Adam (Tawfeek Barhom) has a close-knit bond with his family and community in his fishing village in Egypt. Everyone is happy for him when he gets the opportunity to ultimate privilege to study at the Al-Azhar University in Cairo, the epicentre of power of Sunni Islam. However, near the start of his education, the highest-ranking Religious Leader dies. Following his death, an informant for the Government is murdered on campus. Soon, Adam is brought in as a new informant and is at the centre of the religious and political elite.
Boy From Heaven is a tense thriller about the separation between religion and politics. We are thrust into this world where the Government is attempting to get a new religious leader who will be in their back pockets. Writer-Director Tarik Saleh does a great job of opening up this world for us. We understand the world and stakes. Additionally, he breaks down the lust for power the Government desires and the corrupt lengths they will go to get it.
The conflict throughout is immense. We have the societal aspect of it, where the country is wondering who will be their next religious leader. We have the Government attempting to gain control of their head of religion. We have those within the religion trying the best they can to expose the Government. And we have Adam, a young man who is forced to be an informant. The immense layers of conflict make for a riveting thriller.
What makes us invested in this story isn’t solely the conflict, but this young man we follow. We are invested in Adam from the beginning. He’s an innocent that has unfortunate luck and gets himself caught up in this spider’s web. Adam is an intelligent young man that has the ability to manipulate others into believing his deception. Additionally, he is a young man who is scared and desperately wants out of his situation. It’s a powerful performance from Barhom who is captivating throughout.
Scholar Alithea (Tilda Swinton) has always been content in her solitude. But that might change when she goes on a trip to Istanbul. While at a local shop, she finds a small glass vase. Back in her hotel, a fantastical being called a Djinn (Idris Elba) breaks free from that tiny vase. In return for his freedom, he offers Althea three wishes but they have to be her life’s deepest desires.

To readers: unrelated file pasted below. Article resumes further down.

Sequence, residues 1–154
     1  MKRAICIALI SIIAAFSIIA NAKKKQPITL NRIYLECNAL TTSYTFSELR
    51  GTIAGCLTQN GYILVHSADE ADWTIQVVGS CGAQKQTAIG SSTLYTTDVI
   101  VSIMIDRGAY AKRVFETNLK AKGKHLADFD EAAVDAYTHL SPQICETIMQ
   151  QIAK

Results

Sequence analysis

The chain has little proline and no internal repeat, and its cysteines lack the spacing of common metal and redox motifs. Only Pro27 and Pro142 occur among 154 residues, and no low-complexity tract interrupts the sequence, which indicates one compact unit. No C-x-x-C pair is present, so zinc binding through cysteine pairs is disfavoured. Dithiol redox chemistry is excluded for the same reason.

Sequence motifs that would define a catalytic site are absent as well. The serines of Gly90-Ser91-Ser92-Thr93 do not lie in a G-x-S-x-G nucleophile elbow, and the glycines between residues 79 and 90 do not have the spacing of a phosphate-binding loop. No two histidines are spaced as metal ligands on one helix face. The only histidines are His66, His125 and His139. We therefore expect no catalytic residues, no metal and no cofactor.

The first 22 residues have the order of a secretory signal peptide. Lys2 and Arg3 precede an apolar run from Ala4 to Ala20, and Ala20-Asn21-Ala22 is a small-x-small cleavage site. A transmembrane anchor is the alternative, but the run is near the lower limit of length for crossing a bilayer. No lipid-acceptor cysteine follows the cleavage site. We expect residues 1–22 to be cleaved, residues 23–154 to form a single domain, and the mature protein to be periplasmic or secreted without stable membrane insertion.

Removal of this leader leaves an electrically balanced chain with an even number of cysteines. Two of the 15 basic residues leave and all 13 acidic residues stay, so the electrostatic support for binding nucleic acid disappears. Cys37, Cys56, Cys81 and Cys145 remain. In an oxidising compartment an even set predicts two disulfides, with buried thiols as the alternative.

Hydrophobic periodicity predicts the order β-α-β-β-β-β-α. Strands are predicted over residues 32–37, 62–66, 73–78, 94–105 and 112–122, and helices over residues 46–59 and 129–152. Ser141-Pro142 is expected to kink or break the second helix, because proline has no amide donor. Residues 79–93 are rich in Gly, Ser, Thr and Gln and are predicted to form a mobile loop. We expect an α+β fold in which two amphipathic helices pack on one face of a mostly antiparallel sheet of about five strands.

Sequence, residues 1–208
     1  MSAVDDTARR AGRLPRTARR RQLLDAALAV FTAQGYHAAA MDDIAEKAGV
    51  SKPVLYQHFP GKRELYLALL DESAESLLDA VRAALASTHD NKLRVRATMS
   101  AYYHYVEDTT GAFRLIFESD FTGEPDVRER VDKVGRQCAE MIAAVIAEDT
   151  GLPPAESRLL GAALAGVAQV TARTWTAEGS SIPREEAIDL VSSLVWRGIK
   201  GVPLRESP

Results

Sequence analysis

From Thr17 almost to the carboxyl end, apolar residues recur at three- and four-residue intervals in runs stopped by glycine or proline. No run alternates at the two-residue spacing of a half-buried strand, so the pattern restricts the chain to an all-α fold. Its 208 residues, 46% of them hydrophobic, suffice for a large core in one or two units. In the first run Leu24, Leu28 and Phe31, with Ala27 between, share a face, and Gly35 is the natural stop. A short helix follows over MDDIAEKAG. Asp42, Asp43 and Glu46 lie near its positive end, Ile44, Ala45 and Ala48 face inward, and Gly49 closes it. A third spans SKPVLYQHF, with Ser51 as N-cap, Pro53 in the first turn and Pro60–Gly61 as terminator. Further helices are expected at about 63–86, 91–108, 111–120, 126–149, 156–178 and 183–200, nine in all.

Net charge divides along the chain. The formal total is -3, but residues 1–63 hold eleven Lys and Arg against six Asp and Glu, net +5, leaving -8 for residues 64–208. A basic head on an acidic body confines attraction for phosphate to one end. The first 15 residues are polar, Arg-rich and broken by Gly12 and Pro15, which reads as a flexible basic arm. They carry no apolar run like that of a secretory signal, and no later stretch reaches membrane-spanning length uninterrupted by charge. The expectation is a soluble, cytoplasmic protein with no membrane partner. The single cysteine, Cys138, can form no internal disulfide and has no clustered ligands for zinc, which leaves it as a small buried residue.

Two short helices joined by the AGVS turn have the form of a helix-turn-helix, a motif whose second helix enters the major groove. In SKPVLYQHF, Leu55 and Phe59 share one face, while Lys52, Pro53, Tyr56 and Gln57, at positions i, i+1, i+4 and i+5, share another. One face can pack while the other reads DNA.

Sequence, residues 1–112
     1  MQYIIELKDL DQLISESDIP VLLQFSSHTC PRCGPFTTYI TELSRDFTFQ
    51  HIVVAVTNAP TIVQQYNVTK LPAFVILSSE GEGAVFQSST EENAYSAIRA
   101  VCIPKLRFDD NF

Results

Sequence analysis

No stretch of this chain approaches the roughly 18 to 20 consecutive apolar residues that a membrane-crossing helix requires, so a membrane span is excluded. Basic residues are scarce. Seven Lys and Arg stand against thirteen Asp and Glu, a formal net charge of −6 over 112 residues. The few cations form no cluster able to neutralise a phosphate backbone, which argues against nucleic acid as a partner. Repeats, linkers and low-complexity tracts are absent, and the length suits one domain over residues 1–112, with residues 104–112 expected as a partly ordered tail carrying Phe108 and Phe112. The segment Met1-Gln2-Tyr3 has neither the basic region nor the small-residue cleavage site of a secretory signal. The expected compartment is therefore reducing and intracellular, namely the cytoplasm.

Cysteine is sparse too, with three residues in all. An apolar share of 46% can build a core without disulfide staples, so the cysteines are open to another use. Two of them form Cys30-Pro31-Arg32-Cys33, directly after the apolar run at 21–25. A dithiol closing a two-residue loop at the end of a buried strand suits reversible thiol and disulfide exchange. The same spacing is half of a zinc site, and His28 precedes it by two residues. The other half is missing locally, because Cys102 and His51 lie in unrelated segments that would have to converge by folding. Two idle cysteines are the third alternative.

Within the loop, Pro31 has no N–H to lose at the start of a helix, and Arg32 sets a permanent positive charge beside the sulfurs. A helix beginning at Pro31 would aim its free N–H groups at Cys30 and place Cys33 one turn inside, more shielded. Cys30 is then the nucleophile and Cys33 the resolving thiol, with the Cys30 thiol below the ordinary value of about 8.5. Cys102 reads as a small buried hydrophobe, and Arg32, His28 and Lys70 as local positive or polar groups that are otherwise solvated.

Visionary Writer-Director George Miller is back with this Fantasy-Romance Film. His style is on full display as we follow Alithea in her story which is told like a fairy tale. Three Thousand Years of Longing does carry a lot of narration. There’s the voice-over work from Alithea along with the stories Djinn tells of his prior failed attempts at freedom. Normally, this much narration would hinder a Film. However, Miller’s stylistic Direction makes it entertaining.
Through all of the visual spectacle found in Three Thousand Years of Longing, there is a tender story of finding love in unique circumstances. Additionally, Miller is telling a story about the importance of telling one’s life story. He does this through Alithea and Djinn. She is adamant she’s lived a life of pleasant solitude and doesn’t believe she has a deep desire. Instead, she takes an interest in Djinn’s three thousand years trapped by a magician’s curse.
It’s the stories Djinn tells that draw Alithea to him. Learning about his prior passions, heartbreaks and longings makes her fall for him. Swinton, as usual, is spellbinding. She brings a comedic layer to Alithea that resonates with the audience. Elba is the perfect choice as this Djinn yearns for freedom. He brings humanity to this fantastical being. The chemistry between the two gets stronger as the story progresses. This isn’t a fault, it’s a strength. It shows the progression in their feelings for one another.
Three Thousand Years of Longing has an important message on freedom and love: that it can’t be forced.
Three Thousand Years of Longing screens at Cannes ’22: